Motorists who have received traffic violations or had at-fault accidents may be required to prove financial responsibility and maintain an SR-22 form through their car insurance company with the state. The SR-22 form may be required by either a judge in traffic court or by the state’s Department of Motor Vehicles.
Required to keep or reinstate a suspended driver’s license, an SR-22 is vital for maintaining a driver’s license and meeting state requirements for insurance. Letting insurance lapse or having further moving violations during the three-year SR-22 period can result being fined, fees, and loss of driving privileges.
Who Notifies Motorists of the SR-22 Requirement?
Depending on the circumstances, either the traffic court judge will provide details about the SR-22 requirement, or the state’s Department of Motor Vehicles will mail a letter with the details. In Illinois, the Illinois Secretary of State’s office manages the motor vehicle department.
Regardless of how motorists are informed of SR-22 requirements, the certificate needs to be filed for three years in Illinois to certify the driver has sufficient car insurance. Requirements may change if you move to Illinois from another state or if you move from Illinois to another state. It’s up to you to communicate SR-22 requirements to your insurer and make sure you comply.
Which Companies Provide SR-22 Certificates?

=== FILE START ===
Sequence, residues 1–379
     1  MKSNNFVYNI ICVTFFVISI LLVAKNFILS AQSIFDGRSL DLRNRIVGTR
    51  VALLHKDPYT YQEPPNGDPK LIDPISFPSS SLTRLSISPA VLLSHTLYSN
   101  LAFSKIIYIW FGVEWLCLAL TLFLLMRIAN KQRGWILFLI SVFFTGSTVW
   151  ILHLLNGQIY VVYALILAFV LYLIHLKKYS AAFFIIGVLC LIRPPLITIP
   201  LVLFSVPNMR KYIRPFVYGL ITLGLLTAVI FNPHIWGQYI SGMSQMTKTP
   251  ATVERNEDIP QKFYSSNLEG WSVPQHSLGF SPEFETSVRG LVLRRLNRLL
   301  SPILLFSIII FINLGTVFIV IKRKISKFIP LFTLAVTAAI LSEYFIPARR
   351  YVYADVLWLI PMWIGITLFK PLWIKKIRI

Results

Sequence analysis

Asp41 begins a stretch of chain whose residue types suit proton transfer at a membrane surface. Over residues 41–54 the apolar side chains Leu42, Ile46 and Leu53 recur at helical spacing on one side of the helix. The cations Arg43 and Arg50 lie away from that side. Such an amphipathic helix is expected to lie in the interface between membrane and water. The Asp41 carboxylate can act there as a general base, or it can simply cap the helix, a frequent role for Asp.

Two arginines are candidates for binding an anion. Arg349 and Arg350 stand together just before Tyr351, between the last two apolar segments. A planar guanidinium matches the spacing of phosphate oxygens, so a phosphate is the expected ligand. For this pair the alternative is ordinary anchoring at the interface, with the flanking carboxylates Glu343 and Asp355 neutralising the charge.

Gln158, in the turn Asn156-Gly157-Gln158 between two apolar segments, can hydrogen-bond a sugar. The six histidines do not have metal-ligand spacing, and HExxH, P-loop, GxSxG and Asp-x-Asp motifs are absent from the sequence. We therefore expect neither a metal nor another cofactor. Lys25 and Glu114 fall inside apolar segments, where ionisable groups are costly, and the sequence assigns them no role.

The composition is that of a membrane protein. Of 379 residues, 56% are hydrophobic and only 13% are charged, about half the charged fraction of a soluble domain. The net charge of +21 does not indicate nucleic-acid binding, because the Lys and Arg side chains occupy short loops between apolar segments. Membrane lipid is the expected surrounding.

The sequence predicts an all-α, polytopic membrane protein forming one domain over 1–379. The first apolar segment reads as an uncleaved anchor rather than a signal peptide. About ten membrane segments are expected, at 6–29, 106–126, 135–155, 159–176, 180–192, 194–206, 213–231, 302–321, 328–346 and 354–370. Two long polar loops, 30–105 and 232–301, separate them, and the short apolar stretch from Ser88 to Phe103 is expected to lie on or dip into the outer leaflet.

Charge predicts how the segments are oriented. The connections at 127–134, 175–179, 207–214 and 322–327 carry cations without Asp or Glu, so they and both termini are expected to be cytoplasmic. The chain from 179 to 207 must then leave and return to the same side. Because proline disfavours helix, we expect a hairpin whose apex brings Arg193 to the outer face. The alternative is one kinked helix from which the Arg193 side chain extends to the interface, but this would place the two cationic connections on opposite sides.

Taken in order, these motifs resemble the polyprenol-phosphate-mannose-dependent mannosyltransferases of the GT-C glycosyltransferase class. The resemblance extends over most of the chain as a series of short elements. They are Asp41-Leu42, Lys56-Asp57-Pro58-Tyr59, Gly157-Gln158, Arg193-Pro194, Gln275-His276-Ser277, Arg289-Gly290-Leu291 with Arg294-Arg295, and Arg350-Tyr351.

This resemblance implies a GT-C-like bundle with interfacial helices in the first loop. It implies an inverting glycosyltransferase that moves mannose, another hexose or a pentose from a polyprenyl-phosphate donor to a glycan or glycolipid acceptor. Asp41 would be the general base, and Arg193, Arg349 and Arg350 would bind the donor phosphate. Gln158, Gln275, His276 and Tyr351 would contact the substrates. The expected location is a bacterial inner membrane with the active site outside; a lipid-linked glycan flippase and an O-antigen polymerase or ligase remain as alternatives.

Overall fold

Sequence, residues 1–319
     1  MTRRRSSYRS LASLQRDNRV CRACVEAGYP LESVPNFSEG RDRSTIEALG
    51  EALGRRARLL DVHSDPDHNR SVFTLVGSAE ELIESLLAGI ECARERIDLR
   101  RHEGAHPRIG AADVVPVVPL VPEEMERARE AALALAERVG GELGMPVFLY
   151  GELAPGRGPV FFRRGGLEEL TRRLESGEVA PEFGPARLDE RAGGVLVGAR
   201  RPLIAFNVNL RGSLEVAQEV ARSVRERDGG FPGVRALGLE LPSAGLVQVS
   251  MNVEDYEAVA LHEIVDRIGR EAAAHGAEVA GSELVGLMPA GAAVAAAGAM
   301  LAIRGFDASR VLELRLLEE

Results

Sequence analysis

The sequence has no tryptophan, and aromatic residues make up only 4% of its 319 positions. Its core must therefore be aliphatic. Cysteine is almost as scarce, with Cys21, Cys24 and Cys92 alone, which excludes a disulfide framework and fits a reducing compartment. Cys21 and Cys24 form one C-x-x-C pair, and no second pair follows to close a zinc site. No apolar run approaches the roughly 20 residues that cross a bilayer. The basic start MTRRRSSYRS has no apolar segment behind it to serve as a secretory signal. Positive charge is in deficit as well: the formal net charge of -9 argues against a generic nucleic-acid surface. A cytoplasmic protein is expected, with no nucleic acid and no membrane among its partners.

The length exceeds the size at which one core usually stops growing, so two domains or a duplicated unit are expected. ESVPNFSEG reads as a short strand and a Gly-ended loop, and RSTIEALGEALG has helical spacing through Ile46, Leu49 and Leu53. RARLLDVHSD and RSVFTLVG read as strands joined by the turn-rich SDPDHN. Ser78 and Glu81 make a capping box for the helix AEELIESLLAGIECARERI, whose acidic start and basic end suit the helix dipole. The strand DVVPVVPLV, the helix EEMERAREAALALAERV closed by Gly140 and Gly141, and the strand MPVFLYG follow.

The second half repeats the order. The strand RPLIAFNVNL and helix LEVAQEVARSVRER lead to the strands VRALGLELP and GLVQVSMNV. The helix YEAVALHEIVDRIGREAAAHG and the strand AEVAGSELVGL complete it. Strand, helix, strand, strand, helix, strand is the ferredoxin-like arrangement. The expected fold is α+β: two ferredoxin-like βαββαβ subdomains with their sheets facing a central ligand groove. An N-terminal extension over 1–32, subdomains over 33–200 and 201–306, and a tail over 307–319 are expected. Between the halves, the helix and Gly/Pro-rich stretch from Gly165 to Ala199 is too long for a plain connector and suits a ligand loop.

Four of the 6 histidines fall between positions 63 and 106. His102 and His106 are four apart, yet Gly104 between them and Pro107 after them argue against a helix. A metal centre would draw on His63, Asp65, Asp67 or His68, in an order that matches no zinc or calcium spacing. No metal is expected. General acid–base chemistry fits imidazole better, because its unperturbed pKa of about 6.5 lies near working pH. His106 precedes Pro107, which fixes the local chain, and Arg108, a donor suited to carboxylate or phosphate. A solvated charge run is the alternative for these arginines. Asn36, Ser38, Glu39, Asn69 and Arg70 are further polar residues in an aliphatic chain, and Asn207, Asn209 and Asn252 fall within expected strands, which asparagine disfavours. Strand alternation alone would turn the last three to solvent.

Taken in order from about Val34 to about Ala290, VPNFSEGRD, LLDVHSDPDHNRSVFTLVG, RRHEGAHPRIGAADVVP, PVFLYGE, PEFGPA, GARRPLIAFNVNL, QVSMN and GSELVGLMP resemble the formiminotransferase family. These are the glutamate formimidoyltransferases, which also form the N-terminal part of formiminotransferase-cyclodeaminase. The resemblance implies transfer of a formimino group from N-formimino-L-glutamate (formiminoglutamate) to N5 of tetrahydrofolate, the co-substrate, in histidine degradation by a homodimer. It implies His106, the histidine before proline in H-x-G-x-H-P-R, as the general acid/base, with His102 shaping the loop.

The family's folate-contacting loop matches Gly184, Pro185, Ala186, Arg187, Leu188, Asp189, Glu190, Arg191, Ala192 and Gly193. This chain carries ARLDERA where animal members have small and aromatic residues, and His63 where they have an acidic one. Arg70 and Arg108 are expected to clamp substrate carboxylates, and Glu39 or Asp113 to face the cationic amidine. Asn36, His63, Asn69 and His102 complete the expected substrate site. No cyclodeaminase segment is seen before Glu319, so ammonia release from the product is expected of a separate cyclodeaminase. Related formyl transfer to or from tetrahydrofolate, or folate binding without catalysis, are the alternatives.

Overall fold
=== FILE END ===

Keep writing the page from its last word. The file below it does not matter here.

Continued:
Not all insurers provide SR-22 certificates, so higher-risk drivers often have fewer options and higher car insurance rates. Insurers with experience handling higher-risk drivers will likely have more options to meet your insurance needs.
Several insurance companies specialize in higher-risk drivers, and many of the largest insurance companies offer SR-22 forms. The circumstances that led to the SR-22 requirement, as well as several other factors, will determine how much higher your insurance rates will be. You can add an SR-22 to an existing policy if the insurer agrees, but some insurers may cancel policies. It’s important to be upfront with insurers about SR-22 requirements and other circumstances, so you get the right policy without any surprises.
How Does an SR-22 Work in Illinois?
SR-22 forms in Illinois prove to the state you’re carrying sufficient insurance. Like SR-22 forms in many other states, your insurance company files them for a nominal fee, typically $15 to $25 in Illinois. SR stands for safety responsibility, and the certificate is required for three years in Illinois and can increase insurance rates by 15 to 40%.
Keeping an SR-22 certificate requires maintaining current insurance policies by consistently paying the monthly cost of your insurance and not receiving more tickets or having any further at-fault accidents. Canceled or lapsed policies can lead to driver’s license suspension, fines and fees, and vehicle registration suspension. Insurers are required to report any policy lapses.
SR-22 certificates will lead to higher insurance costs, but other factors like driving records, insurance history, credit, zip code of the driver, and the type of vehicle affect insurance rates. Higher liability coverage, comprehensive coverage, and lower deductibles improve the quality of the coverage but also increase the price. Balance insurance features with an affordable premium, keeping in mind that higher value vehicles and cars with loans should have comprehensive coverage in addition to liability coverage. SR-22 insurance can also include additional coverage, like uninsured/underinsured motorist coverage.